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The Future of Fundraising: Trends in Technology and Data-Driven Strategies

Expert Contributors: Rodger Devine, EdD, and John Gough.

Graduates tossing caps

In an era where the intersection of technology and philanthropy is charting new frontiers, the fundraising landscape has undergone a remarkable transformation. As organizations navigate this dynamic territory, two distinguished experts, Dr. Rodger Devine, Assistant Vice President for Advancement Operations at Pomona College, and John Gough, Assistant Vice President for Advancement Data Operations at The University of Texas at Austin and Editor of the Journal of Advancement Analytics, share their perspectives. Their insights offer a comprehensive view of the future of fundraising, underpinned by the profound impact of technology, data-driven strategies, and the ethical considerations that shape the industry's course.

The Transformative Power of Technology

The world of fundraising is constantly evolving, and technology plays a crucial role in this transformation. Dr. Devine highlights the rapid advancements in data analysis tools and reporting suites, such as Tableau, Power BI, Python, and R, which have made predictive analytics more accessible and versatile in the fundraising industry. These tools have ushered in a new era, allowing organizations to identify potential donors, engage with supporters, and refine marketing strategies with unprecedented precision. John Gough adds that large language models like ChatGPT are becoming more prevalent, heralding the era of AI. These models, accompanied by complex neural networks, are changing fundraising strategies by automating content generation and personalized engagement.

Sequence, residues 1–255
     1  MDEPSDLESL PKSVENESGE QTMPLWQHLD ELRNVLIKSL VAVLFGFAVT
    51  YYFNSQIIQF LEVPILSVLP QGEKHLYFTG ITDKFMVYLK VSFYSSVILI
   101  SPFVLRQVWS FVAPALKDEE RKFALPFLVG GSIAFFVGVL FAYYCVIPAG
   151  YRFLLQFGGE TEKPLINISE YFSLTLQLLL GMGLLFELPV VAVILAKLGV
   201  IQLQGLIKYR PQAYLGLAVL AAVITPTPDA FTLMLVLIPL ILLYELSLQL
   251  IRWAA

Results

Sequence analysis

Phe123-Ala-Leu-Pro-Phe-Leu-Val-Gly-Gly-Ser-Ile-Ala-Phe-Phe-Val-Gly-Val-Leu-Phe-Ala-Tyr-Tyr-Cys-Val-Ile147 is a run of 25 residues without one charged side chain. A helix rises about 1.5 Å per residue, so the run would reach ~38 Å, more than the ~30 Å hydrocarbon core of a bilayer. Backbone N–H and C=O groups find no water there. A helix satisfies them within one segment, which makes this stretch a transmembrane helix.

"AI solutions have not yet evolved beyond the need for manual review and intervention, but the time is soon coming where fundraising organizations will be able to shift their focus more fully from maintaining manual processes to engaging in more strategic and creative endeavors." - John Gough

Emerging Technologies: AI and Blockchain

The future of fundraising stands on the brink of profound transformation. Dr. Devine emphasizes AI and blockchain's significant potential in reshaping fundraising efforts, particularly in contexts involving vast datasets and intricate computational analyses. He singles out blockchain as an innovative tool that challenges conventional notions of the constituent record. John Gough paints a vivid picture of the fundraising landscape where emerging technologies, including AI, take center stage. He foresees a revolution led by advanced AI tools like large language models and the less glamorous yet pivotal advancements in cloud computing. "The key to this transformation lies in automation, personalization, and advanced machine learning, driving precise relationship-building through timely, tailored, and interest-driven engagement," says John Gough. This paradigm shift extends beyond the boundaries of institutional CRMs, enabling the identification and cultivation of previously undiscovered segments with institutional affinity. The success of these technologies is intricately tied to their ability to access data seamlessly across multiple platforms.

Immersive Donor Engagement: VR and AR

Within the field of immersive donor engagement through VR and AR, the perspectives of both Dr. Rodger Devine and John Gough converge on the promise of transformative experiences. Dr. Devine underscores the potential of VR and AR to revolutionize storytelling and donor engagement by capturing legacies and creating interactive testimonies for future generations. His perspective embodies a dynamic shift in how connections are forged, and narratives are shared.